Over the years, my family has built a village of support for our children of wonderful teachers, coaches, babysitters, neighbors, and friends who supported our entire family every week. One of the most significant losses we feel during this time of isolation is the loss of this community. 

We can recreate some of the learning at home through virtual classes, but it does not take the place of my children seeing their amazing teachers every day. Their school is filled with adults who were influential in their lives, from the classroom teachers, art teachers, principals, and lunch assistants. All are adults who listened to and helped my children daily. 

We are also missing all the extracurricular teachers and coaches in our lives. I can play soccer with my son in the yard, but I am no match for the fun and energetic coach he used to look forward to seeing every Saturday morning. And our backyard experiments are no match for an afterschool science program that was fun, informative, and filled with friends.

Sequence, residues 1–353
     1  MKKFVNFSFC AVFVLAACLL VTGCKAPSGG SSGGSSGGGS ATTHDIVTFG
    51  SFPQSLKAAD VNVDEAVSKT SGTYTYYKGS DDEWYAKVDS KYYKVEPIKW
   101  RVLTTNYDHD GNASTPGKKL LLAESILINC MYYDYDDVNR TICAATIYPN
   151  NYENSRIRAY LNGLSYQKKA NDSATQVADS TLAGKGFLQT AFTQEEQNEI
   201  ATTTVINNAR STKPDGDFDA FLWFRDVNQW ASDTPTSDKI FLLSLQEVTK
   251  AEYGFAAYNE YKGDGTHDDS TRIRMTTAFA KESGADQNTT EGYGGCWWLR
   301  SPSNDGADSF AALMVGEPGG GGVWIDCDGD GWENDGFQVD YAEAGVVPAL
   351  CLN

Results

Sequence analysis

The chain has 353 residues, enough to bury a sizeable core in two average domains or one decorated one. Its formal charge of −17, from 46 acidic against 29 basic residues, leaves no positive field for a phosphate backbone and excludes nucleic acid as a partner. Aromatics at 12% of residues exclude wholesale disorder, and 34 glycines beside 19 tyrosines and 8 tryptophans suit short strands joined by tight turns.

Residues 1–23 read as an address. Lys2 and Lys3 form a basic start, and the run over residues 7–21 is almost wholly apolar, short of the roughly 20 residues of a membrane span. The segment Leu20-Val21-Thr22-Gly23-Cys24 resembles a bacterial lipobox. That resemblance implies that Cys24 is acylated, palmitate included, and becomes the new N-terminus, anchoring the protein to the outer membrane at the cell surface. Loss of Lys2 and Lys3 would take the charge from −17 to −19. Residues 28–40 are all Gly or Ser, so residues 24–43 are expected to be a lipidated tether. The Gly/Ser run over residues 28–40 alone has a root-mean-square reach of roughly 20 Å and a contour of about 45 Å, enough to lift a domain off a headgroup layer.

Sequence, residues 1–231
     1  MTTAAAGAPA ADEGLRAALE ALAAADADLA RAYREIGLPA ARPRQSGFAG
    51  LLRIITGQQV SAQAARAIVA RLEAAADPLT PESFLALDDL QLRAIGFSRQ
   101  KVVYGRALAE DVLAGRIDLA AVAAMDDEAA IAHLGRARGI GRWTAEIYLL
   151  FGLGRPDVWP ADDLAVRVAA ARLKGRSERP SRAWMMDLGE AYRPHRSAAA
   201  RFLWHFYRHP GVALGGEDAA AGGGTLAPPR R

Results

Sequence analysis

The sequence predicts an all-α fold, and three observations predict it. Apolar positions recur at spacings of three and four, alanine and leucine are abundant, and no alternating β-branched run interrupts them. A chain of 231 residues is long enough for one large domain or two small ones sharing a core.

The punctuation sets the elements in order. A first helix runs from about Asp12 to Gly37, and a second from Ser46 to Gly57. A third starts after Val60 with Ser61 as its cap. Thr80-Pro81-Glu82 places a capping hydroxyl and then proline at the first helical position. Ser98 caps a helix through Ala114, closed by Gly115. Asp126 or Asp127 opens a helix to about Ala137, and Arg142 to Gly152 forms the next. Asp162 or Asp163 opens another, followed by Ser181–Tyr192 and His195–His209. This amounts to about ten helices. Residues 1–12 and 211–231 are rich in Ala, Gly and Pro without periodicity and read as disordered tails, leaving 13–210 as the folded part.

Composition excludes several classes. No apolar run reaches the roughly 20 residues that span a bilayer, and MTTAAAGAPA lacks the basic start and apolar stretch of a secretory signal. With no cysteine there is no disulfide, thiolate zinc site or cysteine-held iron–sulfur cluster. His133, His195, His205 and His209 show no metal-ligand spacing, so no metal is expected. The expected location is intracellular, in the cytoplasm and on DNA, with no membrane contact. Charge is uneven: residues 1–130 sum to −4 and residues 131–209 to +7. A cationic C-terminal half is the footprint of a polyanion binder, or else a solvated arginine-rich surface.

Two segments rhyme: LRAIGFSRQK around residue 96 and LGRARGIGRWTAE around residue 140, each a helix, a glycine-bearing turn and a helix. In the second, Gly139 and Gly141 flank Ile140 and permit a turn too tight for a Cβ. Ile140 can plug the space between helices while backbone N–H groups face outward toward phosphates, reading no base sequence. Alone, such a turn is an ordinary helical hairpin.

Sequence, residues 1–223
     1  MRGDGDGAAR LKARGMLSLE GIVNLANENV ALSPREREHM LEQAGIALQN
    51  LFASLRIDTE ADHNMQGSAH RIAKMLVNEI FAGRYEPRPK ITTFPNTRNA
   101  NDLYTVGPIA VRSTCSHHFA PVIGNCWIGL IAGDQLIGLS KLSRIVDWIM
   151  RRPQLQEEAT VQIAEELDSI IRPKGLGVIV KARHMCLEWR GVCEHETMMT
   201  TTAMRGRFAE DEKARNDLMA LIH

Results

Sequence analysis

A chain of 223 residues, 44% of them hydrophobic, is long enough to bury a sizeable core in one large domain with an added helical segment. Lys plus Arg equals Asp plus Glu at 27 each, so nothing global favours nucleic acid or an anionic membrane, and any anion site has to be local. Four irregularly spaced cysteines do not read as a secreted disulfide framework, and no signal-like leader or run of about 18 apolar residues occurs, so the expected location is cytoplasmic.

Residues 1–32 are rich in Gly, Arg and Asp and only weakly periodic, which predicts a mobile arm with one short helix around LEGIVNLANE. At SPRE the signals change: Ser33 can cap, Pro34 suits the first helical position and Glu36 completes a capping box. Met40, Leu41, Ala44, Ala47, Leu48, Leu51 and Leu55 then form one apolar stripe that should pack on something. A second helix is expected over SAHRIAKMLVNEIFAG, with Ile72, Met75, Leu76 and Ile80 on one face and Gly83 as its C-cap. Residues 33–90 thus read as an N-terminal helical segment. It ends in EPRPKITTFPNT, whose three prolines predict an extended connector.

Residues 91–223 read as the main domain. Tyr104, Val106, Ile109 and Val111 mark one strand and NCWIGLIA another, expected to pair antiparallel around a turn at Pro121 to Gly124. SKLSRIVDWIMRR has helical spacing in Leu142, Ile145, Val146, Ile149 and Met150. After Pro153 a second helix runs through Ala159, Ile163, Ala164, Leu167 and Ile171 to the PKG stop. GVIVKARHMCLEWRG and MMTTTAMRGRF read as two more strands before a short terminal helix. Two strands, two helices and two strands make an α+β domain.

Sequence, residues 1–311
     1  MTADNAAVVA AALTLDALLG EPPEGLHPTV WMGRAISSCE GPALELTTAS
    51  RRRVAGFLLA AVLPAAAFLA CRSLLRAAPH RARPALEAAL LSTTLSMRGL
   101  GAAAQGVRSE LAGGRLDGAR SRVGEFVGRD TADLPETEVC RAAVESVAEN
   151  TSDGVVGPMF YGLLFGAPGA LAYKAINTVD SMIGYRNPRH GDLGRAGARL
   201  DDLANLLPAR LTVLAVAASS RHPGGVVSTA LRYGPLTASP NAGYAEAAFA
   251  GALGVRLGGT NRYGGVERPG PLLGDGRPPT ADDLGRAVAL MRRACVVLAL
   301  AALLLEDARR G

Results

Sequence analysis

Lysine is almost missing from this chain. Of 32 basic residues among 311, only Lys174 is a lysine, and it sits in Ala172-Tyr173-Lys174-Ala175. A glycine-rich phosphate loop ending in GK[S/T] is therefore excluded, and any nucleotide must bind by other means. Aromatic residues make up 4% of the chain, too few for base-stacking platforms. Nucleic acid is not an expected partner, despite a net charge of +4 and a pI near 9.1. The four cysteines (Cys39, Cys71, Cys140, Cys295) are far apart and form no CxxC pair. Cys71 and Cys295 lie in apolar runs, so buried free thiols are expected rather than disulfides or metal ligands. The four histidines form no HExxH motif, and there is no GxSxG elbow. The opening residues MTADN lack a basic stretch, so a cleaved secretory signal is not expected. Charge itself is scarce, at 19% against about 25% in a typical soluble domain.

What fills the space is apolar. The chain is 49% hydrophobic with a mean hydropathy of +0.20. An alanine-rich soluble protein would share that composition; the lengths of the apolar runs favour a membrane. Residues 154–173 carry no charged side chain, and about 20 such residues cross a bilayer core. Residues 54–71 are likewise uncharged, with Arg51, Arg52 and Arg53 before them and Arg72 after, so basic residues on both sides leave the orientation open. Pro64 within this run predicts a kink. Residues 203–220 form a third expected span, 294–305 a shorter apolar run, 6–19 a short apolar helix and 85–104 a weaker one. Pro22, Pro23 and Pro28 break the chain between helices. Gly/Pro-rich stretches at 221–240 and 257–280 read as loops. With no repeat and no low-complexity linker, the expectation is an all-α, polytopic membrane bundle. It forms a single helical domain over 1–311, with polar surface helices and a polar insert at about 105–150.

We also had a large group of neighbors who helped share the burden of parenting while also providing our kids with unstructured time with peers. Neighbors who would pick up my kids from the bus when I had a late meeting, or take turns hosting Saturday afternoon playdates to give each other a break. All of that is missing now. 

Erika’s Lighthouse talks about the importance of teens having trusted adults they feel comfortable going to with their feelings and problems. And I have found this is true for my younger children as well. Sheltering in place has made it so that my husband and I are the only adults my children see and talk to, and it is a lot of pressure on us all.

For the time being, we are just thankful for the jobs that we still have and can do remotely, for our health, and for our safety. I know how lucky we are. But I am looking forward to a time when we can venture out and have the support of our village again.

Author: Meade Means, Development and Operations Assistant

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